Politics & Government

Probe faults Yosemite’s ex-superintendent for style, but absolves him of gender bias

Former Yosemite National Park Superintendent Don Neubacher.
Former Yosemite National Park Superintendent Don Neubacher. The Fresno Bee

Federal investigators on Monday found fault with former Yosemite National Park Superintendent Don Neubacher’s management “style and behavior,” but concluded there was “no evidence” he had acted out of bias or favoritism.

In a long-awaited report, the Interior Department’s Office of Inspector General gave Neubacher what amounted to a mixed grade for his leadership of one of the country’s most popular parks. Of the 71 employees interviewed, investigators noted, 42 “spoke highly” of Neubacher as a manager.

“The remaining either had no opinion, vacillated in their opinion or said that he sometimes communicated poorly; that he could be dismissive, abrupt or overly critical; and that he would often publicly criticize and undermine employees after he lost confidence in them,” investigators noted in the 24-page report.

Titled an investigation into “allegations of a hostile work environment at Yosemite National Park,” the inquiry was initiated last summer. It mirrored, in part, an investigation by the House Oversight and Government Reform Committee, which first put Neubacher’s management under the spotlight in a September 2016 hearing.

Neubacher retired shortly after that hearing as the investigation was picking up steam. He had served as Yosemite superintendent since 2010; his permanent replacement has not been selected by the Trump administration.

A spokesman for the National Park Service, Andrew Munoz, called the new report a “valuable catalyst for organizational self-reflection.”

“We recognize we can and must do better to cultivate a workplace environment where everyone can thrive,” Munoz said.

Munoz noted that over the past year, the park service has “introduced new, service-wide anti-harassment training; increased employee awareness of their rights in the workplace; conducted a comprehensive workforce survey and created a new confidential resource for employees to seek assistance on sensitive workplace issues.

The report made public Monday did not include any formal response from Neubacher, and it identified him only as a “senior official” rather than by name. But in an email sent to Yosemite employees prior to his retirement last September, Neubacher said he was sorry for any shortcomings.

“It was never my intention, in any way, to offend any employee over the course of the six and a half years I have been superintendent,” Neubacher wrote. “If I did offend any of you at any time, I want to sincerely apologize.”

A Yosemite supervisor said that he did not believe that the senior official had a gender bias, but he felt that the senior official could have handled certain situations better.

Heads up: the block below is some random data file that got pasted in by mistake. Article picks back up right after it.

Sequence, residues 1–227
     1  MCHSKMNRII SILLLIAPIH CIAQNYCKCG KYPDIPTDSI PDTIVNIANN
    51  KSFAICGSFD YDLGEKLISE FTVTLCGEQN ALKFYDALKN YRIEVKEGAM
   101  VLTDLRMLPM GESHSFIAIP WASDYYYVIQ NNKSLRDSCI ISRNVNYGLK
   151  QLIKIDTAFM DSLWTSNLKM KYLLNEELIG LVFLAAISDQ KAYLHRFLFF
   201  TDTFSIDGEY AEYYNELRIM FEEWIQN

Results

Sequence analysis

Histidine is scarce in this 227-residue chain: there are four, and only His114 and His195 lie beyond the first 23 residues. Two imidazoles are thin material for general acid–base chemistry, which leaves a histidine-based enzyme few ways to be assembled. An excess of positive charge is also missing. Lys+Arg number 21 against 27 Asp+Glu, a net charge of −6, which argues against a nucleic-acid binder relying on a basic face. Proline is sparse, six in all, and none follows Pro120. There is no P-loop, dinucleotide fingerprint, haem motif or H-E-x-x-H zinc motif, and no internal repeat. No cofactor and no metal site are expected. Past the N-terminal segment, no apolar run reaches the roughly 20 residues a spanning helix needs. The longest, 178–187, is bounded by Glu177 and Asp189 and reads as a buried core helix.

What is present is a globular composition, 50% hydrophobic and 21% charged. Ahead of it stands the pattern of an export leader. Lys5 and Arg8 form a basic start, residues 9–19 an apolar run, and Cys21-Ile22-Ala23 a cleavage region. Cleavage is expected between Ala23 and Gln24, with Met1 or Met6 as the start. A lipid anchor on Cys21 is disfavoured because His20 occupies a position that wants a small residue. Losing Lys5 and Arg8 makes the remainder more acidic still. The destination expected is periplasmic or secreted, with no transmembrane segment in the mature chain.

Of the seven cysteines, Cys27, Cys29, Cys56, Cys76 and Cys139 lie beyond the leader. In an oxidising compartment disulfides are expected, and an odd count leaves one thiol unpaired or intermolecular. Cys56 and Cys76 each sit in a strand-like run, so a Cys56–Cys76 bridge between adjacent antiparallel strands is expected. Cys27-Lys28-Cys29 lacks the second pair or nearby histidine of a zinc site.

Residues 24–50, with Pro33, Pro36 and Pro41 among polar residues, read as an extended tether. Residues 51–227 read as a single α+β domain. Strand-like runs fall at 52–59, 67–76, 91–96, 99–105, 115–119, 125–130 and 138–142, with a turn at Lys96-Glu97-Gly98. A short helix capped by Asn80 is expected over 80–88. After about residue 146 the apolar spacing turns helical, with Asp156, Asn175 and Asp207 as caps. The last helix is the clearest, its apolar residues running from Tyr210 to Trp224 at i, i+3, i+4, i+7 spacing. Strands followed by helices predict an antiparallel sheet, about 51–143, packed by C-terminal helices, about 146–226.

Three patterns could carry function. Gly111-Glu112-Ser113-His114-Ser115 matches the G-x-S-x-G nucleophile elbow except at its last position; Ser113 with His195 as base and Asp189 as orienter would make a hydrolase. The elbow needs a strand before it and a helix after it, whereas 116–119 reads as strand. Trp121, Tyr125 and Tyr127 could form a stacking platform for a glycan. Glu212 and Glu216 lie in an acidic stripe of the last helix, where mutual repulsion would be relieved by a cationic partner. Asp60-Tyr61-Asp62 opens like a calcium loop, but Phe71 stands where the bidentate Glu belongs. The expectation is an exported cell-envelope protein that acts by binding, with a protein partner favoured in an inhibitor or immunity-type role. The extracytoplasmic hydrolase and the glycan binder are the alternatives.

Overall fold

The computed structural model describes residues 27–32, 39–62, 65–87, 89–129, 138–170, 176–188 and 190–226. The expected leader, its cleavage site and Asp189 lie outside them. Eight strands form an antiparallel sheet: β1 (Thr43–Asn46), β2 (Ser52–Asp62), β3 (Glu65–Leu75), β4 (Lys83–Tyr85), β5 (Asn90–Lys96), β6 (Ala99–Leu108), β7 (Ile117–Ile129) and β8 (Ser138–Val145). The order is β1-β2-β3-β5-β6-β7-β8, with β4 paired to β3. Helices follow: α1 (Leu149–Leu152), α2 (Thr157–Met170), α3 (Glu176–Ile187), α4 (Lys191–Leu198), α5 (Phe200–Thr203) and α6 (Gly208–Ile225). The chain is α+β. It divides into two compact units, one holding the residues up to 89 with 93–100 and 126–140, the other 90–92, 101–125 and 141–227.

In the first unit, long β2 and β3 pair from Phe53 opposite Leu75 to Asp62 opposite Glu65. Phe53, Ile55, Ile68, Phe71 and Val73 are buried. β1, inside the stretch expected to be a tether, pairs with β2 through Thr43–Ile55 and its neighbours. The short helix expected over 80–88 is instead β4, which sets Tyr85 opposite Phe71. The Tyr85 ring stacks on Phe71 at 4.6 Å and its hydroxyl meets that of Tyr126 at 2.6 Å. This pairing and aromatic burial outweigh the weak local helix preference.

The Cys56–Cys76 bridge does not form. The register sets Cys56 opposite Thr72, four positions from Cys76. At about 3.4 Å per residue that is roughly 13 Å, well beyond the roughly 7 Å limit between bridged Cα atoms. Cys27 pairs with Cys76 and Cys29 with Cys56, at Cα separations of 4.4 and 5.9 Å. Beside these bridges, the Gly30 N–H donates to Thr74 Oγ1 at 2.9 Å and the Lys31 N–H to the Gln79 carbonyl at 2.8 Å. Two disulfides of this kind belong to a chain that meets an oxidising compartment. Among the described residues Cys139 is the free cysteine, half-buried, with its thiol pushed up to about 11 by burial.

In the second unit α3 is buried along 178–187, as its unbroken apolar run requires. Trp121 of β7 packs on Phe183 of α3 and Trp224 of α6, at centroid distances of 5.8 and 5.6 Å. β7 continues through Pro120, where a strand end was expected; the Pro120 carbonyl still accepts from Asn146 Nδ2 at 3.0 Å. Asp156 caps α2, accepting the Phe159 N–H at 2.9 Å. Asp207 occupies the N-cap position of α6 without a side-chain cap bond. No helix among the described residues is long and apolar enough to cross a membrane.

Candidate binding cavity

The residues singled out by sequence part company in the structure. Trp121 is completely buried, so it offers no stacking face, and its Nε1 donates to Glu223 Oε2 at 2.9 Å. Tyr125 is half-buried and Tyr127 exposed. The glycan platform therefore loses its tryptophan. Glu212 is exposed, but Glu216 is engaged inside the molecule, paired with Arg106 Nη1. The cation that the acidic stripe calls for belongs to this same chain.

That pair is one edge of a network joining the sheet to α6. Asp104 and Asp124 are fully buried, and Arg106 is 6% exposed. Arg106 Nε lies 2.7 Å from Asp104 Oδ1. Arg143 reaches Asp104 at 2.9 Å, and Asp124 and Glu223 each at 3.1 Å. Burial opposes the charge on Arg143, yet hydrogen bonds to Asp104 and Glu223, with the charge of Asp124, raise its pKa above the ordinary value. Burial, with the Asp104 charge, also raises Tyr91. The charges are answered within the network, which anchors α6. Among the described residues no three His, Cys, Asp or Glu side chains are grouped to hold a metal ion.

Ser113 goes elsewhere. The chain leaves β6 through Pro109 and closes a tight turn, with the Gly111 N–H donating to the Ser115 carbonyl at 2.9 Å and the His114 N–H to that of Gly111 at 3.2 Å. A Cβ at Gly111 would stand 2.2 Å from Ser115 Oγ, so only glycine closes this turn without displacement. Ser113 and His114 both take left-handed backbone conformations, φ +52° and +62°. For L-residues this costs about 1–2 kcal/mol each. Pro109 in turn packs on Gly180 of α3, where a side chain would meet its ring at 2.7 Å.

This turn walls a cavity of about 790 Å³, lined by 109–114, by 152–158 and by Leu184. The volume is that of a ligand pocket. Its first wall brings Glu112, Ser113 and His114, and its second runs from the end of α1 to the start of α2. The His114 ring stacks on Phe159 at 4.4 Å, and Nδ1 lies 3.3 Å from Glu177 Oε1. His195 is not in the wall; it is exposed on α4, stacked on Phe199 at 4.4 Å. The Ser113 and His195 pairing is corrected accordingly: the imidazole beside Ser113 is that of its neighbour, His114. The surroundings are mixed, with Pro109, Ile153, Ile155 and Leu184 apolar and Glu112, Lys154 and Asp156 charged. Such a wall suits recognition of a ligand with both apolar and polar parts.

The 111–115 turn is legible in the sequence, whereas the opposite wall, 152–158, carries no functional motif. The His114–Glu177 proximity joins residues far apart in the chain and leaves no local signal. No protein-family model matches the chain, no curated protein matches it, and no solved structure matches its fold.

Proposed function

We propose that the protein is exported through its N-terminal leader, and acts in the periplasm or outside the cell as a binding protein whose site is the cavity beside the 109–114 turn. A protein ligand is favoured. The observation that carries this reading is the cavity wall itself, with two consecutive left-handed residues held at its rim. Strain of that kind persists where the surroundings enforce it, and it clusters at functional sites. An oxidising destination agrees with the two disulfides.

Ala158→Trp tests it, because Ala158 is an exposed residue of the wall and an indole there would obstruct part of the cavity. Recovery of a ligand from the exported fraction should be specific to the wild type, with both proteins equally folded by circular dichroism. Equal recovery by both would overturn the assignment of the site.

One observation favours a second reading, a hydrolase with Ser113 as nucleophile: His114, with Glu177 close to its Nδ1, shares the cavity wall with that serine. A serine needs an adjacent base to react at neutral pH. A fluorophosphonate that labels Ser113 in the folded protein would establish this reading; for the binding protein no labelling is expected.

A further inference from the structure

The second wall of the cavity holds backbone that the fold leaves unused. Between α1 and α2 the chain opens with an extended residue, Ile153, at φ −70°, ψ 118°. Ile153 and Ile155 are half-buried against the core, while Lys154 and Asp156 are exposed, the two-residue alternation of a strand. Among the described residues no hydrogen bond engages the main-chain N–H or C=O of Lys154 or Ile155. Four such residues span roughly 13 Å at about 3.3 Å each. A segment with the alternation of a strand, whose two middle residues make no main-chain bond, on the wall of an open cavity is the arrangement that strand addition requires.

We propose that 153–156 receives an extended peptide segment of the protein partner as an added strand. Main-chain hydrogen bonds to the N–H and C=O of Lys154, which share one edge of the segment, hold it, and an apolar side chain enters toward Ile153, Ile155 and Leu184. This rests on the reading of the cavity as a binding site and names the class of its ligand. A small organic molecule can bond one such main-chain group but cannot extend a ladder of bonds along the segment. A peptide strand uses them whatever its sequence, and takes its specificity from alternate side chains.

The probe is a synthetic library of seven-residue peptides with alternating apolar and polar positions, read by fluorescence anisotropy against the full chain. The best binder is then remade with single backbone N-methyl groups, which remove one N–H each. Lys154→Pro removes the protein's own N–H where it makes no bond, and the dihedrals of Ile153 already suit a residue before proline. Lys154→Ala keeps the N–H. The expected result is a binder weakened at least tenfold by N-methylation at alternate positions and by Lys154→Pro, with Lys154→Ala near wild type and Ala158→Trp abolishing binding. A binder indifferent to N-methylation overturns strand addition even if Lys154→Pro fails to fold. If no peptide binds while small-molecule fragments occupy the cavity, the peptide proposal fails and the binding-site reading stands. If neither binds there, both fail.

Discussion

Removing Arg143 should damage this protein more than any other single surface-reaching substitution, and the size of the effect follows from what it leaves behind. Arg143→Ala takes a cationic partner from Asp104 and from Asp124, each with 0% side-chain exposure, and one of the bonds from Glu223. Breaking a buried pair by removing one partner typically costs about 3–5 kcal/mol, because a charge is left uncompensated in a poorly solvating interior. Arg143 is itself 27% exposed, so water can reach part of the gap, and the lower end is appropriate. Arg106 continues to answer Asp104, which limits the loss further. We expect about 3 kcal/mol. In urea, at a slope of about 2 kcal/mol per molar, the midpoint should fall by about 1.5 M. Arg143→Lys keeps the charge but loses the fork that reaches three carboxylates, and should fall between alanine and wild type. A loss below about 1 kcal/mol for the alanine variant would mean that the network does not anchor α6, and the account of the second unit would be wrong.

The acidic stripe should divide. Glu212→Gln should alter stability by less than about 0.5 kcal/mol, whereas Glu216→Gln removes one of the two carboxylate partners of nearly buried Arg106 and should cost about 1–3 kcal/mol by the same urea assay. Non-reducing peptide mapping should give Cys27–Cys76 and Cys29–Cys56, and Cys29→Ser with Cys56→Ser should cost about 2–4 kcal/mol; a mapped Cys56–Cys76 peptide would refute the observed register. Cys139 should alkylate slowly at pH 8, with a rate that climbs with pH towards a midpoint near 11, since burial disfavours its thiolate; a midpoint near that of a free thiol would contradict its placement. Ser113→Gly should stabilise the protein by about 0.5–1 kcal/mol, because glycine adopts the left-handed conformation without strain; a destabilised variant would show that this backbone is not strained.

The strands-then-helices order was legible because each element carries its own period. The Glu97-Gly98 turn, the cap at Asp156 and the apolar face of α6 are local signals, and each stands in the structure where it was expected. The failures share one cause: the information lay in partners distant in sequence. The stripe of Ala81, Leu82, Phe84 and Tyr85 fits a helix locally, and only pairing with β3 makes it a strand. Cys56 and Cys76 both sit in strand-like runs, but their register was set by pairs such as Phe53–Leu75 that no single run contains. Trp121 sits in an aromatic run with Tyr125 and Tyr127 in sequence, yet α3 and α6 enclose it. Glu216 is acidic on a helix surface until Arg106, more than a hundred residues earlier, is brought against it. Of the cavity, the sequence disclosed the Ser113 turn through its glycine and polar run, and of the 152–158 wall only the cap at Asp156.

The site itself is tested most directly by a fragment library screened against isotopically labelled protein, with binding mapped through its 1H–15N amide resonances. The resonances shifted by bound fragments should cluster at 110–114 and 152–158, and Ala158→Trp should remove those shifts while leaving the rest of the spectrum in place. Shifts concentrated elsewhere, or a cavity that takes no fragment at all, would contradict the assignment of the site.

Interior Department Office of Inspector General

Neubacher, according to investigators, “acknowledged that he tended to micromanage certain issues at Yosemite and was critical of employees, but said that he did not consider his behavior to be hostile or harassing.”

“He said that his job was very demanding and that he had not intended to appear dismissive,” the report said.

While many Yosemite staffers told Office of Inspector General investigators said they had witnessed Neubacher “undermining another team member’s competence and performance,” they voiced uncertainty about whether it constituted harassment.

“The official’s management style and behavior may have contributed to what some Yosemite employees perceived as inappropriate behavior,” the investigators wrote, adding that co-workers “expressed varying degrees of concern about the senior official’s demeanor, management and communication styles, tone of voice and behavior.”

Yosemite staffers recounted, for instance, Neubacher “walking out of someone’s office abruptly, publicly criticizing employees’ work and being unsupportive or uncongenial,” according to investigators.

Nine Yosemite employees told investigators they believed Neubacher “had a bias against women,” and they described “an environment in which he targeted certain female management team members who were smart and outspoken by frequently bypassing them to speak with their male subordinates” or micromanaged them.

One employee, Kelly Martin, chief of the park’s fire and aviation branch, went public with her complaints in the House hearing last September.

Other Yosemite workers, though, countered that while Neubacher “did not always treat female employees well, some male employees did not necessarily fare any better.”

Female employees make up approximately 39 percent of Yosemite’s workforce and accounted for 36 percent of the park’s supervisors. Investigators found no apparent discrepancy between the monetary or time-off awards given to male and female employees.

“A former Yosemite supervisor said that he did not believe the senior official had a gender bias because he had seen him treat both male and female employees in what he would consider a hostile fashion,” investigators recounted.

Neubacher himself denied creating a hostile work environment, while noting the quick management requirements and constant demands imposed at a park visited by more than 4 million people annually.

“At Yosemite, you work at a fast pace,” Neubacher told investigators, “and I do think some people want to ponder things for a long time, which we don’t have time for.”

Michael Doyle: 202-383-6153, @MichaelDoyle10

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